Hundreds of young revelers were partying under spinning purple lights earlier this month at a club in Los Angeles when one of the most popular songs of the summer began playing. As Doja Cat’s “Kiss Me More” filled the room, the teens danced along.
Two minutes in, SZA began singing in a guest verse, “Caught dippin' with your friend / You ain't even have man, lyin' on ya-.” As a small bell chimed in the song, the partygoers seemingly all at once raised their hands in the air and flopped their wrists limp.
Then, they collectively went wild.
The moment at the Club 90’s Sour Prom 18+ party on July 15 was captured in a TikTok video that’s since racked up more than 38 million views. “What happens when you put Gen Z in the same room together,” the video’s caption states.
One week later, the same thing happened at another Club 90’s party in Fort Lauderdale.
“It was crazy. The whole room knew to do it,” party promoter Jeffery Lyman told BuzzFeed News.
Lyman, 36, filmed the Florida moment — same song, same bell, same limp wrist, same screams — after he witnessed the synchronized move firsthand at the Los Angeles party. “I didn’t even know why they were screaming,” he said. “It kind of caught me by surprise.”
TikTok has inspired countless dance trends since its debut, but one of the most viral (and simple) of 2021 involves a simple flick of the wrist. The limp wrist gesture — long seen as a slur against effeminate gay men — has been reclaimed by LGBTQ TikTok users (and their dogs) in seemingly endless videos made during Pride Month as part of a meme celebrating their identities.
One of the biggest and earliest TikTok videos featuring the gesture was made by Lukas Deroy, a 22-year-old barista in Singapore. On May 24, he uploaded a video to the app with the caption, “POV [Point Of View]: a girl starts to flirt with you.”
As he stood behind the coffee machine and prepared the beans, Deroy swiftly and nonchalantly flicked his wrist and shrugged for the camera. “I try to be nice most of the time tho,” he wrote.
Deroy, who is gay, told BuzzFeed News the joke was based on real encounters he’s had with women.
“They think I’m straight,” he said. “But I don’t actually do that gesture in public.”
Deroy’s video has been viewed more than 27 million times since it was uploaded.
“That was so smooth. Geez,” reads one top comment.
“I was lost at first & watched a few times thinking you flashed a wedding ring,” reads another, “but I know whatchu mean now. 🌈 🥰”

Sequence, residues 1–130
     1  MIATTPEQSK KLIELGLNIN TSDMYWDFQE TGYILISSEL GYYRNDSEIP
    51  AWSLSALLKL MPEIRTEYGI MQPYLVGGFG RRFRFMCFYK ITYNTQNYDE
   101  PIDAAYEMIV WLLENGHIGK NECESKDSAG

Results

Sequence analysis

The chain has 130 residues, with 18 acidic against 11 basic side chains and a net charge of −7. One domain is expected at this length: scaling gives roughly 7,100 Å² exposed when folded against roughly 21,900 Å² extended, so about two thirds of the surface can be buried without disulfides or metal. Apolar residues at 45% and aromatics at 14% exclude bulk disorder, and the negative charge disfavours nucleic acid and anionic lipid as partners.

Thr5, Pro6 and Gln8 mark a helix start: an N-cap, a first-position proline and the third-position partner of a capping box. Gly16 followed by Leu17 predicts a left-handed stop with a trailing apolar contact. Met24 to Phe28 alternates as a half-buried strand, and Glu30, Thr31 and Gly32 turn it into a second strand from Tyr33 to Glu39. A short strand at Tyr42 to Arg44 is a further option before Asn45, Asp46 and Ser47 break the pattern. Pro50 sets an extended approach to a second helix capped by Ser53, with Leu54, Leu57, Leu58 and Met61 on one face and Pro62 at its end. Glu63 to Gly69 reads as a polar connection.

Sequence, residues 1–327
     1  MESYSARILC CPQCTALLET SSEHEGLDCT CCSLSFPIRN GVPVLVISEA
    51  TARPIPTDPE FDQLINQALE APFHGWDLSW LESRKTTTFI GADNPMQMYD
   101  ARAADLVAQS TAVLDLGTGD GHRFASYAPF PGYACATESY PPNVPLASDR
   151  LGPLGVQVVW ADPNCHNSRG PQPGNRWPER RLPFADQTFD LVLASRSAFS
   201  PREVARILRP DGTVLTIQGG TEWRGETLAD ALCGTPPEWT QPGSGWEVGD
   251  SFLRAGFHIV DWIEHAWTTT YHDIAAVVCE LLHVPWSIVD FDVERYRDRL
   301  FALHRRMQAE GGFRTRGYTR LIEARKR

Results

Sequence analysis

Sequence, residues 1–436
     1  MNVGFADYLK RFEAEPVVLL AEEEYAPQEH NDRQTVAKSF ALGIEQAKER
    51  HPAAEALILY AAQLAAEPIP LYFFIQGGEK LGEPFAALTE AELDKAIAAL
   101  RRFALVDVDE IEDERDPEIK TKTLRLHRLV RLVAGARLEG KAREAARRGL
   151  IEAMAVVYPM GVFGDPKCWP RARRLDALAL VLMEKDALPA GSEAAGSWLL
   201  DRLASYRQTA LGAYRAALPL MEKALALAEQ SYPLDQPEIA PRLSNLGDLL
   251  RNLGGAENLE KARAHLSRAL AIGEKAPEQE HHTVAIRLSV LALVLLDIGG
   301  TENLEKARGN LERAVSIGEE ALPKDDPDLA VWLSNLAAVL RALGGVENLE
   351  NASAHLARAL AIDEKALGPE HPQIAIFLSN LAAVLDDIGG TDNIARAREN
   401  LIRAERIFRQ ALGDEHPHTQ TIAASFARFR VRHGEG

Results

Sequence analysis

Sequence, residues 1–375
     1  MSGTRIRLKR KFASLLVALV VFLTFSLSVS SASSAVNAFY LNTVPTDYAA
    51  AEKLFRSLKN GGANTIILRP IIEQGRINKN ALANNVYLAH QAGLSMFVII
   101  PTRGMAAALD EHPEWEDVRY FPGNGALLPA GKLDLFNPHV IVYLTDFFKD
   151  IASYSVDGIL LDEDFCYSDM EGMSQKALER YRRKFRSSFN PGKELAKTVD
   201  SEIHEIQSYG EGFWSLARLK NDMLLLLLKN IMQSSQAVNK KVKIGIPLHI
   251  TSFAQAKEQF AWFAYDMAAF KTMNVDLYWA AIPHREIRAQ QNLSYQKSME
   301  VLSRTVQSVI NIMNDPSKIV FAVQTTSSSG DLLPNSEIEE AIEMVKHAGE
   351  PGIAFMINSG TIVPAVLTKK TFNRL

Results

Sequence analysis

Deroy said he was stunned by how viral his video went, but admitted he was not the creator of the meme. “I saw it from someone else,” he said, “but I didn’t expect for it to get viral.”
Twelve days before Deroy’s video, on May 12, Luke Hallows had uploaded a video from his home in Manchester, England, with a caption about his grandmother asking why he doesn’t have a girlfriend.
“I was like, well, I’ve just come out so it seems perfect to do a little video,” Hallows, who is bisexual, told BuzzFeed News of his video, which has been seen more than 390,000 times.
By this time, “Kiss Me More” had been a viral hit on TikTok for months, but that point of the song was mainly used for clips featuring sudden transitions. BuzzFeed News can’t 100% confirm if Hallows came up with the limp wrist meme, but he was the earliest we could find and recalled devising it as something different from what he had seen trending.
The 18-year-old said he thought the action would be instantly “relatable” to others in the LGBTQ community, even though he also recognized it had offensive roots. (According to a 2012 Slate piece, limp wrists have been deemed “unmanly” since ancient Rome).
The LGBTQ community has a long history of reclaiming things that were once used as derogatory slurs against them. Most recently, this has involved many people choosing to identify as “queer” or using that word as a shorthand to describe the broader community — although some still find this offensive.
“The limp wrist feels like a throwback in some ways; I remember it felt like a ubiquitous homophobic mocking gesture from my time as a closeted kid in the late 90s and early 00s,” said Philip Ellis, a journalist who wrote a piece for GQ magazine in 2019 about gay men adopting the word “faggot” as a term of pride.
Ellis pointed out that the LGBTQ community has for several years used images of limp wrists as memes. Many feature some derivation of the phrase, “Is he…you know…”
Ellis said he’s heartened to see TikTok users have fun with the meme in a new format.
“It doesn’t surprise me that the gesture is now enjoying a whole new life on TikTok, where a new generation of queer people are creating videos that speak to both the specificity and universality of their experience,” Ellis said. “In this new context, the limp wrist very much feels like an in-joke, and a way of robbing the gesture of its once-hurtful connotations.”
Hallows, the Manchester teen, said that fits with how he now views the gesture.
“I would take it as an insult when I was young,” he said. “I used to get bullied quite a lot, but now I’ve just embraced it. Now I’ve come to terms with my sexuality, so that’s a huge thing.”
As for his grandmother, Hallows said he’s since come out to her.
“She took it very well,” he said.